The station’s backers highlight the support they got from a Kickstarter campaign that generated $103,762 in pledges. What they don’t highlight is how the station got its start by hijacking what was supposed to be “a locally-focused music and arts-information radio station” with start-up funding from a taxpayer-funded program of the Regional Arts & Culture Council (RACC).

Until recently, RACC, which says its grants “provide artists and arts organizations with financial support,” had an Opportunity Grant Program funded by the City of Portland. It was designed to provide grants to Portland-based nonprofit arts and cultural organizations to help meet special opportunities or assist organizations with emergencies that arise during the year.

Phil Busse, director of the Portland-based Media Institute for Social Change and former managing editor of the Portland Mercury, submitted an Opportunity Grant application to RACC in 2012. The application said Busse wanted $10,000 to facilitate “a locally-focused music and arts-information radio station that will be broadcast throughout Portland starting in January 2013.” There was no mention of any plans for the station to focus on left-wing talk shows.

According to the grant application, the Institute was partnering with Common Frequency, a California-based nonprofit that provides technical assistance to community-based and low-powered radio stations. When Reed College abandoned its radio station, Common Frequency acquired it. But the license didn’t provide complete coverage of Portland, allowing only for radio coverage east to west from the Willamette to 82nd Ave, and north to south from the Columbia River to the Sellwood neighborhood.
The $10,000 was to go towards the purchase an FCC license. “The additional license the RACC grant would fund would allow sufficient coverage on Portland’s west side to truly create a city-wide station,” the Institute’s grant application stated.

The RACC Board approved the special Opportunity Grant to the Institute on July 20, 2012.
The Cascade Educational Broadcast Service, a Portland nonprofit working to launch the new station, said its goal was “to create a station that broadcasts new independent music and a plethora of rare historic vinyl by the innovators, but not officially bound by any specific genre descriptor.”

“I can already see the town dancing to the beat of XRAY.FM,” Jeff Hylton Simmons, an early advocate of the station, said in an Awesome Foundation online posting.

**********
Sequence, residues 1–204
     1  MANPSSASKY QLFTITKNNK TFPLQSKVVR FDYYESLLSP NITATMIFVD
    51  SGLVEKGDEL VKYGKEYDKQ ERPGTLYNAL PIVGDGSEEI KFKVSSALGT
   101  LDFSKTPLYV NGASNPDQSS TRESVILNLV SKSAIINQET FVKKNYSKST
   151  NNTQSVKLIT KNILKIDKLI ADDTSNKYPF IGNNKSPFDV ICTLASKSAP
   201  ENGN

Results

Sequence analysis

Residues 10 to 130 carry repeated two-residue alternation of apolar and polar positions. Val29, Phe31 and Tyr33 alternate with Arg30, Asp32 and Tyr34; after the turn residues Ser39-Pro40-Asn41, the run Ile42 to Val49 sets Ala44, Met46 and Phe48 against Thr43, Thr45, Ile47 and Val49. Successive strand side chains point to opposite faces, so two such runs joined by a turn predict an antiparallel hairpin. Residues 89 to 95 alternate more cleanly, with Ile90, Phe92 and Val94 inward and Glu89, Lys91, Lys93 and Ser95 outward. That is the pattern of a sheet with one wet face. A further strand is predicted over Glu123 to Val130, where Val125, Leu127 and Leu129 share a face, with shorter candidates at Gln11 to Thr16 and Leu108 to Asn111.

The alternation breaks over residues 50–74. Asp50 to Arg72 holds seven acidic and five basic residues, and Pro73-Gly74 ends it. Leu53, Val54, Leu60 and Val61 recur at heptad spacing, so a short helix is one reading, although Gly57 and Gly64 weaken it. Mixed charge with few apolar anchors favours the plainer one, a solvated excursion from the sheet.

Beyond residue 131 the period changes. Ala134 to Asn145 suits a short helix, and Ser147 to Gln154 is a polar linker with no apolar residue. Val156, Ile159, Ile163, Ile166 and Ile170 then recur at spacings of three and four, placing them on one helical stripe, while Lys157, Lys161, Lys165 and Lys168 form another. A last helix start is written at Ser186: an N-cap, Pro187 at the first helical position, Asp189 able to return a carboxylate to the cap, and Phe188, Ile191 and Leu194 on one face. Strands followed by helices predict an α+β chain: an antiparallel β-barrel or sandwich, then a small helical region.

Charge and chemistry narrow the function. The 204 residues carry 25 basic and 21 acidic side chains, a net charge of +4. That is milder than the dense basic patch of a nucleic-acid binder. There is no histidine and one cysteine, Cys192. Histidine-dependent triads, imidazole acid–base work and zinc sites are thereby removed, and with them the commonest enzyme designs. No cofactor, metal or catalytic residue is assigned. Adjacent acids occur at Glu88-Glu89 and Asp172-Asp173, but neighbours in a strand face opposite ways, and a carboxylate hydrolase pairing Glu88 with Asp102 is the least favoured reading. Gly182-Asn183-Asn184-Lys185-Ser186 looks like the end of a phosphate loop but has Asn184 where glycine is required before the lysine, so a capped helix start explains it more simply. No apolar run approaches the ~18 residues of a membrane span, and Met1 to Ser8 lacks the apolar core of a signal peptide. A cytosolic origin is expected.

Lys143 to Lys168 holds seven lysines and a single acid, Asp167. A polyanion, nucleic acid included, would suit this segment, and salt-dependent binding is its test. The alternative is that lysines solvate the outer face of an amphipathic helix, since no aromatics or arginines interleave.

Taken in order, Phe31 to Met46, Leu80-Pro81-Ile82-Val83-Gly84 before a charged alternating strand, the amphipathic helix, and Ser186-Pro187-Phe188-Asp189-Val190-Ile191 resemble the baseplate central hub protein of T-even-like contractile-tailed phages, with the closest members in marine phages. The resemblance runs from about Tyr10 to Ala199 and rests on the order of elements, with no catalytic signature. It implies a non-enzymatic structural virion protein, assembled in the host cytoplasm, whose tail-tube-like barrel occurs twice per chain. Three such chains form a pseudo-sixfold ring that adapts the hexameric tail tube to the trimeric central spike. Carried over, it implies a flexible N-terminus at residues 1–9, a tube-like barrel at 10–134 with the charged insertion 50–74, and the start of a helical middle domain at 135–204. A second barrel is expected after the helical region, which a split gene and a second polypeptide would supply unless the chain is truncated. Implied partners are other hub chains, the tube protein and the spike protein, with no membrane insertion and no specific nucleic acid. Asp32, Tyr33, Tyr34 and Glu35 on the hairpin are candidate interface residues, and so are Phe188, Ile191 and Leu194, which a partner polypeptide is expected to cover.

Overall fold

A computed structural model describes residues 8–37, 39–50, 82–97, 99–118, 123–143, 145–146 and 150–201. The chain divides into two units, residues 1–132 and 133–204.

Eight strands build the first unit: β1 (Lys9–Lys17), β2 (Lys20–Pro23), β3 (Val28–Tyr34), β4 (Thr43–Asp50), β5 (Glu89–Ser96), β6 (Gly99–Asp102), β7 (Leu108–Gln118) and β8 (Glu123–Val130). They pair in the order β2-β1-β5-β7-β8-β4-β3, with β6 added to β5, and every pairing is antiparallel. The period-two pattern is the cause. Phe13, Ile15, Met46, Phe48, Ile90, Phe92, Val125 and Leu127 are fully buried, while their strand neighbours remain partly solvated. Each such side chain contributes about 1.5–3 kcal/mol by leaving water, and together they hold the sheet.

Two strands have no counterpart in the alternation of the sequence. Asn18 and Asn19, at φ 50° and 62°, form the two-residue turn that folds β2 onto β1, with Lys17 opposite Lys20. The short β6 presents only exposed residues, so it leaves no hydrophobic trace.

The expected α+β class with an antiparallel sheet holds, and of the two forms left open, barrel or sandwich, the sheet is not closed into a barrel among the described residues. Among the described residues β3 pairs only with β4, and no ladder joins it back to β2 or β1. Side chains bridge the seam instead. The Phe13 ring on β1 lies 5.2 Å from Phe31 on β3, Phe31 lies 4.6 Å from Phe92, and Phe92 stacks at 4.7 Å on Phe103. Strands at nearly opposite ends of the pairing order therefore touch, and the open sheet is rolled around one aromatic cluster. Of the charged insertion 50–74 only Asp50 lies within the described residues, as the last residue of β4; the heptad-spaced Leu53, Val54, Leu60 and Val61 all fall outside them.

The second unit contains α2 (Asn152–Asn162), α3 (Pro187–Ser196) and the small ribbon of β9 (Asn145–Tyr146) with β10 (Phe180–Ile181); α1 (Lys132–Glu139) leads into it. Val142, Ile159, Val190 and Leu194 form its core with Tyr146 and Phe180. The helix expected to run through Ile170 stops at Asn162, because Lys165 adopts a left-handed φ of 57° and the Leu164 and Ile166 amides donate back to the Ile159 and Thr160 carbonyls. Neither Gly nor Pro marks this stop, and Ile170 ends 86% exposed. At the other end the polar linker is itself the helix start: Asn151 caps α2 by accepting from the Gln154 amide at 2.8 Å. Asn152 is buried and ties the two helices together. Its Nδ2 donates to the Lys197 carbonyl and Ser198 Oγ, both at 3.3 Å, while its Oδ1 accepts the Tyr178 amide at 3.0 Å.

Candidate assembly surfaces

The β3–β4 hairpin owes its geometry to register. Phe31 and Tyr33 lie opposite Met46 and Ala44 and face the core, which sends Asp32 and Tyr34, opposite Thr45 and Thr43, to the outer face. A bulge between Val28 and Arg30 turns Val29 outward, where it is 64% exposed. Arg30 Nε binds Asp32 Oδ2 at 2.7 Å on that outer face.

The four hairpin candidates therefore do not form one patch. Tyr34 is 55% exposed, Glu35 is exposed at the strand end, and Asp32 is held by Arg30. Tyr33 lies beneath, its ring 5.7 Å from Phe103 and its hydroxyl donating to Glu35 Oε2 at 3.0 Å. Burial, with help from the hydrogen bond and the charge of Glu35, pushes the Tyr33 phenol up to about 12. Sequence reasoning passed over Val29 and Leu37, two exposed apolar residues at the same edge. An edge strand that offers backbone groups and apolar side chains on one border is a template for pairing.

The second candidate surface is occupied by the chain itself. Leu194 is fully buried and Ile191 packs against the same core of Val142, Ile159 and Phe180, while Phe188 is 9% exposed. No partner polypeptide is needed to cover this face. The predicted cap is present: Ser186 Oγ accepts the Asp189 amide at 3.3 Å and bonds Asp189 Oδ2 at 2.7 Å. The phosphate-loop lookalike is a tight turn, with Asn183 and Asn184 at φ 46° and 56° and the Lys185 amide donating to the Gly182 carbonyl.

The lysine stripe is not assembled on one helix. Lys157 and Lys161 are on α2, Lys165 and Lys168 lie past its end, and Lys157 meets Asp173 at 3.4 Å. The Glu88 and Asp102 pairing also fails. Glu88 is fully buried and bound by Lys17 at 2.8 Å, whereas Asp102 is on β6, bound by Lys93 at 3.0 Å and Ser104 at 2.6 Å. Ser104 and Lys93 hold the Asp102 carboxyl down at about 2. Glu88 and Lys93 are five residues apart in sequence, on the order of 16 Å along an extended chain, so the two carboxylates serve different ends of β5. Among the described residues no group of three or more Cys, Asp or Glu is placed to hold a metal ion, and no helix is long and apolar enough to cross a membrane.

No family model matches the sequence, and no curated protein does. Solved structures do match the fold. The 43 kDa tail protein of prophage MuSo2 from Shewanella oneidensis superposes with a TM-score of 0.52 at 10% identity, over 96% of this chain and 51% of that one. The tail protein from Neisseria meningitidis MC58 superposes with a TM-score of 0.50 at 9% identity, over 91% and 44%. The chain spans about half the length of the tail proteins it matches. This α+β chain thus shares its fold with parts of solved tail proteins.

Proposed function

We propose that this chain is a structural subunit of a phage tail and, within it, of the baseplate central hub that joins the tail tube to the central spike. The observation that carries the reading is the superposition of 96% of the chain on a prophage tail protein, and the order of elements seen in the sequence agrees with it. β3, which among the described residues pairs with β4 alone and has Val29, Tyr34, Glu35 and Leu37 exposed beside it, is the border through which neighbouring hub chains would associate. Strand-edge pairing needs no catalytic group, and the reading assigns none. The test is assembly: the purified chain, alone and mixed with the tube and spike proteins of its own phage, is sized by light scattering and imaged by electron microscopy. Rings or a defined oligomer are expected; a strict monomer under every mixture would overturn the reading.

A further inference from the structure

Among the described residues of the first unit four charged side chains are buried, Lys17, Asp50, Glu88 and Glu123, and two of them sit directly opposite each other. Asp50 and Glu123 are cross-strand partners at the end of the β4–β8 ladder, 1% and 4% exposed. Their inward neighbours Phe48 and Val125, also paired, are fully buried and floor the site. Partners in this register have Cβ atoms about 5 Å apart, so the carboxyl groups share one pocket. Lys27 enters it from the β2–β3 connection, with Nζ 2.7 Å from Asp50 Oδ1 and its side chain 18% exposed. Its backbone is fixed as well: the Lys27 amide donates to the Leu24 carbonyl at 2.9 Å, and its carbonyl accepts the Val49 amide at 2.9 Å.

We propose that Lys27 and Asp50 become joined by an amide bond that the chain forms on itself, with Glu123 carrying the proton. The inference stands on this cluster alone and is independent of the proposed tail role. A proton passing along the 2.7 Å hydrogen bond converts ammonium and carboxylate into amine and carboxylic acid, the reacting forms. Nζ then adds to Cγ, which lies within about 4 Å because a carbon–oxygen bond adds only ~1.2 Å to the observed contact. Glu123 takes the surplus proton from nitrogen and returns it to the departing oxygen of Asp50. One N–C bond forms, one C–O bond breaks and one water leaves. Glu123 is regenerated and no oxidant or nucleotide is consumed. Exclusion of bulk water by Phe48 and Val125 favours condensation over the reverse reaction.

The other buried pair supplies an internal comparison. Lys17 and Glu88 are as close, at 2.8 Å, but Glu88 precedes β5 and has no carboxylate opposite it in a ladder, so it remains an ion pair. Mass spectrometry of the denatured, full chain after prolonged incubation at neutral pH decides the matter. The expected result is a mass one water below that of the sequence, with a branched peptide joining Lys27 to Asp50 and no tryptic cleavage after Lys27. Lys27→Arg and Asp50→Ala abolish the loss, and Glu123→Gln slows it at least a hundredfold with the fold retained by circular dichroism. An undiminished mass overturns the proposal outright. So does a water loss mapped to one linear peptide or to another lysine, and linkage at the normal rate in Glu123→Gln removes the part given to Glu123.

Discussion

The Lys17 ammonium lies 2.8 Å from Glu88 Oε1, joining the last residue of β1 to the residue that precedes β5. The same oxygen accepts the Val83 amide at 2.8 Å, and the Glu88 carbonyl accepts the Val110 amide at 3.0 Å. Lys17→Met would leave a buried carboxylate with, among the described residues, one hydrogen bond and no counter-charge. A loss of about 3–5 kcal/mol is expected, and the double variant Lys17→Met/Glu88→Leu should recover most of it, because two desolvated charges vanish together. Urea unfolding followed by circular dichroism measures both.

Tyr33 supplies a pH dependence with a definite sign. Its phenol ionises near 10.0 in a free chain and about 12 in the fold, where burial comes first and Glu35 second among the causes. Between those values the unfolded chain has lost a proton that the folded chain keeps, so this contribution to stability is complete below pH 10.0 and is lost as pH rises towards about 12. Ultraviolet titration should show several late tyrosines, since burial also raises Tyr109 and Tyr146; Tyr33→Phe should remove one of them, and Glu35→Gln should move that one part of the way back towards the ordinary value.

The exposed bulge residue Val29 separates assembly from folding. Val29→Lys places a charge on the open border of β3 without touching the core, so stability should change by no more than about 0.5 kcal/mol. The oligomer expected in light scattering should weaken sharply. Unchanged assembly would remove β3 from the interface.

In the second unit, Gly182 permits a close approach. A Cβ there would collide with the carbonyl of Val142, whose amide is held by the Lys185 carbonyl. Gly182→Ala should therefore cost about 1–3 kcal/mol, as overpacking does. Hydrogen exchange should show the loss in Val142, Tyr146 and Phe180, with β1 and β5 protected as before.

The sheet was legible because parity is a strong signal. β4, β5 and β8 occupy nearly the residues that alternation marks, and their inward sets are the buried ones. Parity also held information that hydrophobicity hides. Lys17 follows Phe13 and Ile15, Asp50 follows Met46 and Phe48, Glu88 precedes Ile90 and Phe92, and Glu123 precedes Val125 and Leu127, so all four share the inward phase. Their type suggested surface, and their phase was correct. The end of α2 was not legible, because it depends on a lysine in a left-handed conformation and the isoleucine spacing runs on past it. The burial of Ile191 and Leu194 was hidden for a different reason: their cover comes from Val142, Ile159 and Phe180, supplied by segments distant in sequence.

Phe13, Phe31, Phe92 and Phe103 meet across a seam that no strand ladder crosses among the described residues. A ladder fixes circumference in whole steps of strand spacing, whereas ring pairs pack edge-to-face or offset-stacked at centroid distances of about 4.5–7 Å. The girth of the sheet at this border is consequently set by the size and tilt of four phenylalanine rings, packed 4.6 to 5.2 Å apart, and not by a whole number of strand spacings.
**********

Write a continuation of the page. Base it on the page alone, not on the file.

Then the music and arts-information radio station got hijacked.

In November 2012, Portland’s KPOJ-AM 620, a welcoming home to progressives, shifted to Fox Sports Radio 620. Previously, KPOJ had featured a three-hour morning show with an outspoken progressive host, Carl Wolfson, along with progressive talk shows featuring Thom Hartmann, Randi Rhodes and Mike Malloy.

Local progressives responded with fury to KPOJ’s format shift. BlueOregon, a blog describing itself as “the water cooler around which Oregon progressives will gather”, initiated a campaign to collect signatures on a petition aimed at saving progressive talk radio on KPOJ. But KPOJ and its owner, Clear Channel, didn’t yield.

So the new music and arts-information station championed by Busse, will, instead, feature progressive talk.The station’s website makes it clear that it’s primary objective is not music, but to be “a progressive, independent radio station.”

XRAY.FM will embrace the “mullet model”, as the station’s Facebook page once put it, “business in the front, party in the back.” Programs would focus on progressive talk during the day and relegate music to the night.

Talk show hosts on the station will include Carl Wolfson and Thom Hartmann, both well-known progressives, as well as Adam Klugman, also formerly with KPOJ, who describes himself as “the perfect host for a radio talk show dedicated to fanning the flames of 21st century progressive populism.”
Jefferson Smith, co-founder of the Oregon Bus Project and a onetime Democratic legislator, has also signed on as senior advisor on board development and community engagement and will be offering a show, Thank You Democracy.

RACC says its OK with the station’s shift to progressive talk. “We are satisfied that XRAY.FM is delivering strong local music programming and content as described in their grant proposal to us,” Jeff Hawthorne, RACC’s Director of Community Affairs, wrote in an e-mail to me. “It appears that the applicant is fulfilling its artistic mission as described (by the Cascade Educational Broadcast Service). Whether the station also delivers other types of content wouldn’t preclude our investment in arts programming.

How about you? Want an Opportunity Grant from RACC for a radio station featuring conservative talk shows? Sorry. The Opportunity Grants were a victim of Portland’s 2013-2014 budget cuts.